Lars Spuybroek has taken against the "abstract" modern art of the 20th century: He distinguishes a “pure” or “generalized” abstraction - which reduces everything to the naked structure of the sublimated idea and kills the sympathy required for the creation of real beauty – and a “specified” or “temporary” abstraction that he considers an essential condition for the detached form of tenderness that belongs to the holy sympathy. If I explain this correctly, the abstraction of Mondriaan, Rothko, Judd and Lewitt is pure and rejectable, whereas Spuybroek's own abstraction is an indispensable virtue.
I can see and agree with the factual distinction he makes, but I also know the existence of all sorts of nuance between these extremes. And when I stand in front of and look with my own eyes at the unique original of for instance Mondriaan's “Victory Boogiewoogie” in the municipal museum of The Haque, I see a vibrant beauty, with all the features that according to Spuybroek are essential for living art: savageness, changefulness, naturalism, grotesqueness, rigidity and redundancy.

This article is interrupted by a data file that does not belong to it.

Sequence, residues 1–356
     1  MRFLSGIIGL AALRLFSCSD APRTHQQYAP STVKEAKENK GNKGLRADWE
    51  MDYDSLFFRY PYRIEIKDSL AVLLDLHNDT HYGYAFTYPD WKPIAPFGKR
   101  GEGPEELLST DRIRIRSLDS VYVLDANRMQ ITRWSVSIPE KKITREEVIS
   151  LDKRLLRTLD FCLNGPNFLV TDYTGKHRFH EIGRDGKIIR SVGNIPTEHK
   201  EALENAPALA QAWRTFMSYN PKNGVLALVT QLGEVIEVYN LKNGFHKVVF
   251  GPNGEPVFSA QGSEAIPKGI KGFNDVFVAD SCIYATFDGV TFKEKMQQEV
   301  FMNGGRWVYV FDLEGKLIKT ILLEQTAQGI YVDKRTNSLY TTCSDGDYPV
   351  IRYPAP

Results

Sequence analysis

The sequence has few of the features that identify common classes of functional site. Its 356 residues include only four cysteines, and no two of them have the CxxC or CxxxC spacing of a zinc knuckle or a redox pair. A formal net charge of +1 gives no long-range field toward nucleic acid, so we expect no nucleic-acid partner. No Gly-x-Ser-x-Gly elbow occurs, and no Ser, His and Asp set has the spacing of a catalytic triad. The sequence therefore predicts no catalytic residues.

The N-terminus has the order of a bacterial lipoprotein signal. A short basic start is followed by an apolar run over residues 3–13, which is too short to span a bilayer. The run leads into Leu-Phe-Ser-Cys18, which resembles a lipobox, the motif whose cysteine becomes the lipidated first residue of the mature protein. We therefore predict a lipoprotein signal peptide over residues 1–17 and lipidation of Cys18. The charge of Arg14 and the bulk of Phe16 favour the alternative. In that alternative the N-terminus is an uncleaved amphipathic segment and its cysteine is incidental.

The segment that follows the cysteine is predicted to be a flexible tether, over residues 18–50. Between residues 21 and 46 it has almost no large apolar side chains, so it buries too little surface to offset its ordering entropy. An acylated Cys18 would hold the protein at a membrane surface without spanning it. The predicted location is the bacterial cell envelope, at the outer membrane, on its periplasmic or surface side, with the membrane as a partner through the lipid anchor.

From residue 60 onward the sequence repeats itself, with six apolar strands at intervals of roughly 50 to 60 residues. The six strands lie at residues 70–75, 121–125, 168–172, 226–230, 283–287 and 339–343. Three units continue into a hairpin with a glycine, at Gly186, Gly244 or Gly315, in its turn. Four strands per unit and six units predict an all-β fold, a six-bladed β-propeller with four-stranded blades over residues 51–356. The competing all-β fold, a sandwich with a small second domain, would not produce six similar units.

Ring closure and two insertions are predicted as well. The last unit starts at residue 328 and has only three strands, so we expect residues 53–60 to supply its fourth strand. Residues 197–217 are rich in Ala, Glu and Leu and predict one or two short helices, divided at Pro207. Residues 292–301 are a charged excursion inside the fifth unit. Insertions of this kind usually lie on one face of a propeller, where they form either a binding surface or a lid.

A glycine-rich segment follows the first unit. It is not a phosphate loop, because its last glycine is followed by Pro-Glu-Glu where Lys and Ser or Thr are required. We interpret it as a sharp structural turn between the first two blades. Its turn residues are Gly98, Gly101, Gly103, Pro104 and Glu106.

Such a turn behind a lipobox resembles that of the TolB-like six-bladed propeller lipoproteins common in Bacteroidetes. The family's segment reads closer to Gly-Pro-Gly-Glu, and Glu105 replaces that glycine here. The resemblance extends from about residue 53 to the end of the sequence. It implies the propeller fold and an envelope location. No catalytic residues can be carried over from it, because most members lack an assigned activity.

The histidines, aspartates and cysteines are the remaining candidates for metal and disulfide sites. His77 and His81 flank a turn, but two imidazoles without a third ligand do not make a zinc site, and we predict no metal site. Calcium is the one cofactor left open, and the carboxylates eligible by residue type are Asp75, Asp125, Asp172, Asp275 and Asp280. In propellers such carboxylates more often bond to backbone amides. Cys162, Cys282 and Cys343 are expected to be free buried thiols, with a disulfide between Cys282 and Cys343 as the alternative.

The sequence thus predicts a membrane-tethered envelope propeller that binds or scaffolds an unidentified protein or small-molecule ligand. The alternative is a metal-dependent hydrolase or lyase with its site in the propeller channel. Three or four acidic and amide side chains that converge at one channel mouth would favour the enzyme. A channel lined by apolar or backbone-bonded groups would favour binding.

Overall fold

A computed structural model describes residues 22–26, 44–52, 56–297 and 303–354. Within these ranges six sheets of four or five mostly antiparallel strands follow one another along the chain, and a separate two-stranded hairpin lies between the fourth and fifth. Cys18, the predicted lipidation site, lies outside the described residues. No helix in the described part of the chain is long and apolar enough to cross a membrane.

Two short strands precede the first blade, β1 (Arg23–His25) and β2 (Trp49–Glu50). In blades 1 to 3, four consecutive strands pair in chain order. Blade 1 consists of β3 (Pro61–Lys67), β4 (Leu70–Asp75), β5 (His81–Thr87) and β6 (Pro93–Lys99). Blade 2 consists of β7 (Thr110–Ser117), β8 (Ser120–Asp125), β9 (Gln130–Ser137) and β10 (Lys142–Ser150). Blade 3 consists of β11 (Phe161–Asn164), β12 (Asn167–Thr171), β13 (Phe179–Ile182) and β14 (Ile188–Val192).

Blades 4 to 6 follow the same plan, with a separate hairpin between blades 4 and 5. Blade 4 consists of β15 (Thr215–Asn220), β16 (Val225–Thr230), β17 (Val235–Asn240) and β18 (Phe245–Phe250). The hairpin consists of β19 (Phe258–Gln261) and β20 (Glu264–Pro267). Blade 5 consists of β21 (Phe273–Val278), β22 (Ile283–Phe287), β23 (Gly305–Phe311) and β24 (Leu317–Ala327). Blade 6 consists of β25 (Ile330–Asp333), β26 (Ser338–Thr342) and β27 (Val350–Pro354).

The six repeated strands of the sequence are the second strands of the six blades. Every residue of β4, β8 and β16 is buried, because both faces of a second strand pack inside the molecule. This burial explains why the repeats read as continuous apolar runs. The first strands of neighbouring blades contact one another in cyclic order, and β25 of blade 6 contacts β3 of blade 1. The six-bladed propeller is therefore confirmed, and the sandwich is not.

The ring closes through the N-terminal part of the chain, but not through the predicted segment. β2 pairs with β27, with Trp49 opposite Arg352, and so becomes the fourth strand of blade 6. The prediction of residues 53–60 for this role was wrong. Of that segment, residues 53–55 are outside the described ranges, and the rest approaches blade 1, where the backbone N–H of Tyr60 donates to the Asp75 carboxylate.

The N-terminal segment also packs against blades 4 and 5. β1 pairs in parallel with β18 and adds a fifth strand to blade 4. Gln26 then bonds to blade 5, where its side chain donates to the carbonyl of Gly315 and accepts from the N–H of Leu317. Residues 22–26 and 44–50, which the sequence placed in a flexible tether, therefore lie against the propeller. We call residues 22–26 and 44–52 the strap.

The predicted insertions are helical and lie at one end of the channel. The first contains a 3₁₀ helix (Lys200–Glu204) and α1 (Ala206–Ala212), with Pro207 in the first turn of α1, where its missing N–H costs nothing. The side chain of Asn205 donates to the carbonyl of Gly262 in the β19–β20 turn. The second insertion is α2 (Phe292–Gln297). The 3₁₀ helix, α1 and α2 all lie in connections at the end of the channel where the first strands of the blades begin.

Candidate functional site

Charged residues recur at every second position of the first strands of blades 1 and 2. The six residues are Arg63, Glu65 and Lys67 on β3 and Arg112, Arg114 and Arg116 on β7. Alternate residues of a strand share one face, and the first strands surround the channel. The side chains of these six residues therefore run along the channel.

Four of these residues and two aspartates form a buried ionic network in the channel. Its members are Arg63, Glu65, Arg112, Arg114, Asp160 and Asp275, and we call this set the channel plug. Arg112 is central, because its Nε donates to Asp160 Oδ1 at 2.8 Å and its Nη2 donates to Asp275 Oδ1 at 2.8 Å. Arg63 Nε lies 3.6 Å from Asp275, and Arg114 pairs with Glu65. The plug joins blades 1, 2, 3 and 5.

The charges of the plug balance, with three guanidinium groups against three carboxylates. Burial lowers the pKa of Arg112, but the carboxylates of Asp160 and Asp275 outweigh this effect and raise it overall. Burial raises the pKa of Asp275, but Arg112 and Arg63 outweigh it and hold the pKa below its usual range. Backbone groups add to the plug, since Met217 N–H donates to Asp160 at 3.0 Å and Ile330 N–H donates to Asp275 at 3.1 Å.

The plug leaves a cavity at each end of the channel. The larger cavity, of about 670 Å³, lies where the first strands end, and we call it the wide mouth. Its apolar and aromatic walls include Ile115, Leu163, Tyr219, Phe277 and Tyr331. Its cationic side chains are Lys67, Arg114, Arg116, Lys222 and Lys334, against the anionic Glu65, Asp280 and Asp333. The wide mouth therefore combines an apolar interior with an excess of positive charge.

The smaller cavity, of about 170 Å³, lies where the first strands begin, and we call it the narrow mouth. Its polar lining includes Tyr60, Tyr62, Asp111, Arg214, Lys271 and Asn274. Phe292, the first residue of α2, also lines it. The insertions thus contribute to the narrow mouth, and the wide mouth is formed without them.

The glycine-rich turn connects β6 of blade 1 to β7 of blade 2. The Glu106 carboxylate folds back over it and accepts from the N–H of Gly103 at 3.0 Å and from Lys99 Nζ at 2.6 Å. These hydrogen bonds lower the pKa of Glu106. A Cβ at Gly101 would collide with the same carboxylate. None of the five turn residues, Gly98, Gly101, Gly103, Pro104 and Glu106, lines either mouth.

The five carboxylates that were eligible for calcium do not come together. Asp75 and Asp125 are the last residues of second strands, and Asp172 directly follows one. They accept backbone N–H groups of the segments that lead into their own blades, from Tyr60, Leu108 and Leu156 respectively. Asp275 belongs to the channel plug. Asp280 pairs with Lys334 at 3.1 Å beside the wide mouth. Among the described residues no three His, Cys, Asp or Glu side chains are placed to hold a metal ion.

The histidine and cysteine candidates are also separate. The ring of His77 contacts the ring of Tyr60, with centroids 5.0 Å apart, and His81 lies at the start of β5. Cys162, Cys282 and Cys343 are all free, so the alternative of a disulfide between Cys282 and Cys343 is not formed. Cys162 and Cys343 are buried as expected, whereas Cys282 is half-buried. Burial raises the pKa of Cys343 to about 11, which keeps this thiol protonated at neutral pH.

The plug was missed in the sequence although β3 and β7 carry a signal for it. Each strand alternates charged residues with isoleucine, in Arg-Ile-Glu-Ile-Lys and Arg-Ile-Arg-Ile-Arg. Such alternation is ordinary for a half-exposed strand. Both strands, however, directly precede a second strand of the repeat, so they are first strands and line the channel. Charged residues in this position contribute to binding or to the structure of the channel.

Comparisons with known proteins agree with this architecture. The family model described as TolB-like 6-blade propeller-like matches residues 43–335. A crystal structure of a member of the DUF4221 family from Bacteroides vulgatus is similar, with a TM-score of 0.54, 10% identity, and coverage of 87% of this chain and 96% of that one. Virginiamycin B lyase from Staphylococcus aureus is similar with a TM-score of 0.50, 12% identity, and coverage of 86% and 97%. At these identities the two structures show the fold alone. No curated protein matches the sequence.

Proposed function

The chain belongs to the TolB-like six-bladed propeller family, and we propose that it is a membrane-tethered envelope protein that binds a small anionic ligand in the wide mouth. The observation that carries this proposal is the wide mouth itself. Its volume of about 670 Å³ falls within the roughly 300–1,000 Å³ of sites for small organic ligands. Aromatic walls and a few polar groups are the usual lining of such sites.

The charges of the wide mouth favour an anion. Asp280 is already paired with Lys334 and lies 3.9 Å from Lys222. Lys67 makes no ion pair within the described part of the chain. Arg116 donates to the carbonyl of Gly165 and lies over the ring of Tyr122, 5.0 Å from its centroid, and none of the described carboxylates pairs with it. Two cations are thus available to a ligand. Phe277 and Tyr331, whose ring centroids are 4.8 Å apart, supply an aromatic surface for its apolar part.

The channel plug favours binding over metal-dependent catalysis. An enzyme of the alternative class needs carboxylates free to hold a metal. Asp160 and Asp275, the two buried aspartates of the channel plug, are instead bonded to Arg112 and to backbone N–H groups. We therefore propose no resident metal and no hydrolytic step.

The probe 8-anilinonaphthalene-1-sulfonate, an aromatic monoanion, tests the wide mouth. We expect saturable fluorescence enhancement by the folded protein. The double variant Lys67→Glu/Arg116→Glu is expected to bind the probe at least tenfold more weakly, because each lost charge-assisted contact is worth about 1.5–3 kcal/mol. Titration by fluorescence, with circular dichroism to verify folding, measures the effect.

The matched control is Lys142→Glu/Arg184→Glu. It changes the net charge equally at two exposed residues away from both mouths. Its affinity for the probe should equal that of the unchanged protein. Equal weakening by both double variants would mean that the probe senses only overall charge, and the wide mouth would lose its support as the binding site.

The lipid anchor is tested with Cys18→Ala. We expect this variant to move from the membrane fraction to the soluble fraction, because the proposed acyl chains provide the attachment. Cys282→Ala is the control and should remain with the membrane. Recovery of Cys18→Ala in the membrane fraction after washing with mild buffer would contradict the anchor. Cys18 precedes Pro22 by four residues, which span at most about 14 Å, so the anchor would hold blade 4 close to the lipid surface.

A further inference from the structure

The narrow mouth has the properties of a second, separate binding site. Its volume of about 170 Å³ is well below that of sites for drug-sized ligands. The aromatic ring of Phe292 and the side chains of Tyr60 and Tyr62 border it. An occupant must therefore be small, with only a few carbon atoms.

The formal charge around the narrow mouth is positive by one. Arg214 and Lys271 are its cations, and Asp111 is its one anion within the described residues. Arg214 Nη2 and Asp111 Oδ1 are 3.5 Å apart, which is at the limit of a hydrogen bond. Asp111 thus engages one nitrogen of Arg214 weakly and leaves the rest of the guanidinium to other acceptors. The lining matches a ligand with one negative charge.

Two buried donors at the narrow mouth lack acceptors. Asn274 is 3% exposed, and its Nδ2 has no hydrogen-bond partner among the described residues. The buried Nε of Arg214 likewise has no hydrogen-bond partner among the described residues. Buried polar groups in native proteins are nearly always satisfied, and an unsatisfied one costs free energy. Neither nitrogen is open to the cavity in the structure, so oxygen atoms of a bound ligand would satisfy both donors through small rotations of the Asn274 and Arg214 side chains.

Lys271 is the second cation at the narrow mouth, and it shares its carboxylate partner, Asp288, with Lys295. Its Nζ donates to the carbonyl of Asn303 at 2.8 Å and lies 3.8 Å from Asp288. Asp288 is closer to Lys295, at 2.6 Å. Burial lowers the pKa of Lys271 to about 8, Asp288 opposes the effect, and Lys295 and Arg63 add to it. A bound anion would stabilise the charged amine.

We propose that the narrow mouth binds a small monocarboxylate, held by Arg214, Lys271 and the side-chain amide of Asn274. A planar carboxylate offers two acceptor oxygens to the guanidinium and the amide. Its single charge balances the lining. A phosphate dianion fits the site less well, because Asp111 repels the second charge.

And even if all that were absent, who is Spuybroek to prescribe the recipe for an artist who survived war or torture and needs to show the void or the black hole that comes along with such a destiny? Sometimes art has to be ugly. It's not a hedonistic hobby. That's why I have decided to stop this review and return to my proper work. After all reading "The sympathy of things" is only an academic exercise, appropiate for students, but not of vital importance for the harvest of life.